At the end of the interview, ask your employer for a time frame in which you will see these changes. Don’t be afraid to follow up if the date has passed and there has been no progress. If your employer isn’t responsive to your concerns and unwilling to make changes, Schaefer says it might be time to lay the groundwork for a job search. She recommends developing a job search plan before making any big decisions, such as getting a job. B. Quitting. Find out what kind of jobs you want to apply for, update your CV and LinkedIn and start networking.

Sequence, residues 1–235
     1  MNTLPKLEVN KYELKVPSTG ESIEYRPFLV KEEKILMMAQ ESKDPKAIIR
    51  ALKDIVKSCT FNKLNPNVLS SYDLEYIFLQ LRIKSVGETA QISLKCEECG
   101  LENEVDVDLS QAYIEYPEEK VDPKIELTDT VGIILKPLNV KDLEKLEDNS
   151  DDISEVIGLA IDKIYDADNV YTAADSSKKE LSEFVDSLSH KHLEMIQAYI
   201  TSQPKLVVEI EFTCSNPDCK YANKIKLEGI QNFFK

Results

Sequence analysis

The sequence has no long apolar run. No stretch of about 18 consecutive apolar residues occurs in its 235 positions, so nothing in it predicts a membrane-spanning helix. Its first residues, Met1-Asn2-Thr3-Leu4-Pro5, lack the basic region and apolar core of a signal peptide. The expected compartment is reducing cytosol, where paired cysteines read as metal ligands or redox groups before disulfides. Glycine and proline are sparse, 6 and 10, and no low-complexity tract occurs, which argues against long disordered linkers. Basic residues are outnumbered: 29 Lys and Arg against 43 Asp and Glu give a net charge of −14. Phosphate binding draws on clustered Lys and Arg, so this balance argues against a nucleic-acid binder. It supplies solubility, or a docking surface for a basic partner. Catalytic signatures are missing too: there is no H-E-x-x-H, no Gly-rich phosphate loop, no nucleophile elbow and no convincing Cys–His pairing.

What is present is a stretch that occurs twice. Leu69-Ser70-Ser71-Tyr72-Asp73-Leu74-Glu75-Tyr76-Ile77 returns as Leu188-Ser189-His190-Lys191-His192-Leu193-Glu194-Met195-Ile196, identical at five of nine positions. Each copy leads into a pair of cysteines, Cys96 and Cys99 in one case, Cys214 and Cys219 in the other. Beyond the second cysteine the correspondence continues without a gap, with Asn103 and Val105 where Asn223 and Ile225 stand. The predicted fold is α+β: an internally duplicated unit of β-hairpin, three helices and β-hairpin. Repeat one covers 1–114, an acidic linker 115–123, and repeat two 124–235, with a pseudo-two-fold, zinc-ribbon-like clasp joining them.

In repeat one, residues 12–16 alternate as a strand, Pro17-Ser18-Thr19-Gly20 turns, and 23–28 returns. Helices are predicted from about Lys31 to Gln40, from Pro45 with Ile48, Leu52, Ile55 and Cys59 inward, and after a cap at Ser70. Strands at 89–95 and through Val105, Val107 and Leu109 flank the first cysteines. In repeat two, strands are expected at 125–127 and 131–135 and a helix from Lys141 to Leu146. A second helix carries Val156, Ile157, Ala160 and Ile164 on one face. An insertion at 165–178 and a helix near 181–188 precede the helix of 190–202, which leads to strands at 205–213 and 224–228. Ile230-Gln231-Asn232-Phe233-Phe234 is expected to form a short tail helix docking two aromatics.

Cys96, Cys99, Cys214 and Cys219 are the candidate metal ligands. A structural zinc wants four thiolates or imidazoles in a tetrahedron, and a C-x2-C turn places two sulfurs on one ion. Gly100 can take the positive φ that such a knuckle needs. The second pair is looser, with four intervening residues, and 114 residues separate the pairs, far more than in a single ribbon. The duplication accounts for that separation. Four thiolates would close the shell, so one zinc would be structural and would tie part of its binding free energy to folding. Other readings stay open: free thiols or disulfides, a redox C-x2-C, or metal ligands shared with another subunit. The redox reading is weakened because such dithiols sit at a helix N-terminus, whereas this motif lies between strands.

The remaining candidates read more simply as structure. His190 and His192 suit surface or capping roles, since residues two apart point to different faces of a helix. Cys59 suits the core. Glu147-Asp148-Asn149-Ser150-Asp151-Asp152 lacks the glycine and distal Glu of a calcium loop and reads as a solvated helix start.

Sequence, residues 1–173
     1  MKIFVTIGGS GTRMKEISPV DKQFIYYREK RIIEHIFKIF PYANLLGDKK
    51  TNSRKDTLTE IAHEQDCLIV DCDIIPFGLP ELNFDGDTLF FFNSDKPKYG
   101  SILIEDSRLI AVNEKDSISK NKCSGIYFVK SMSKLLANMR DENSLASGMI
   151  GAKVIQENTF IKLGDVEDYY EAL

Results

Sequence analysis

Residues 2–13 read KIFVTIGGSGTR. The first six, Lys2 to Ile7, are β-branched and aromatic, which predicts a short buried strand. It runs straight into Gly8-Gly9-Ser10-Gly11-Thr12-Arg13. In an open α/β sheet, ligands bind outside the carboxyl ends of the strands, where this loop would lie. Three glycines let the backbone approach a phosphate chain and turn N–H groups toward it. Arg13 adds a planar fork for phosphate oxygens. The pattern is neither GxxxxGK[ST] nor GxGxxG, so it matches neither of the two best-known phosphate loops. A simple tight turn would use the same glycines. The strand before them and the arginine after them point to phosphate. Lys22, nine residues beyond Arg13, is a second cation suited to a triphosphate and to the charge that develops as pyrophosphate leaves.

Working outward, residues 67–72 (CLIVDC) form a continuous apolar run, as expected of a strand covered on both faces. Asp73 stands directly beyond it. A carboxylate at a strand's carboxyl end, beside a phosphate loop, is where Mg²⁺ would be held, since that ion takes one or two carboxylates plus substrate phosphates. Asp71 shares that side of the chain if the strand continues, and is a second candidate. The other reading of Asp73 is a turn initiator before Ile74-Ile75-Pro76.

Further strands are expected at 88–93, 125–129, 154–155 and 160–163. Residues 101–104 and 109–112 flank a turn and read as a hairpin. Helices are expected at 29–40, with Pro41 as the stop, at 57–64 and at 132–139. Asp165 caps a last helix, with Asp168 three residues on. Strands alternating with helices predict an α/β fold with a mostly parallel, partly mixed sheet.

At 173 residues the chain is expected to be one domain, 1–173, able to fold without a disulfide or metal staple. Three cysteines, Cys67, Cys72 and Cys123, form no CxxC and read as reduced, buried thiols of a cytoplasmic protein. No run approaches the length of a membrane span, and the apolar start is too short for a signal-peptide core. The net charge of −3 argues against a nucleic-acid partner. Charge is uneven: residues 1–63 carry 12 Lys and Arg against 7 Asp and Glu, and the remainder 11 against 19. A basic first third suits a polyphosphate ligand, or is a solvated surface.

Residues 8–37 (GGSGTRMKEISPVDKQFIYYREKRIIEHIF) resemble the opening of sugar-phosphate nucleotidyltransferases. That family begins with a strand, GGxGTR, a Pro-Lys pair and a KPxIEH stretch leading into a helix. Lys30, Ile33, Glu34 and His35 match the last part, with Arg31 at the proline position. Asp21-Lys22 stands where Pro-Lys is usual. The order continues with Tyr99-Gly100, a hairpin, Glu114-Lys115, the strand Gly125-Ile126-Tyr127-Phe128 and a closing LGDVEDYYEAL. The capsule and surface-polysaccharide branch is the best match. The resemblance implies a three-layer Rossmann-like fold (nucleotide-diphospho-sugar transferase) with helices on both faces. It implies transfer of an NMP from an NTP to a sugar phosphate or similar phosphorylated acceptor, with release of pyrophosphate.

“The most important thing to remember is that you can only change yourself…not your boss or the organization as a whole,” says Schafer. “If a team member expects a culture shift overnight, maybe they should consider whether this organization is right for them.”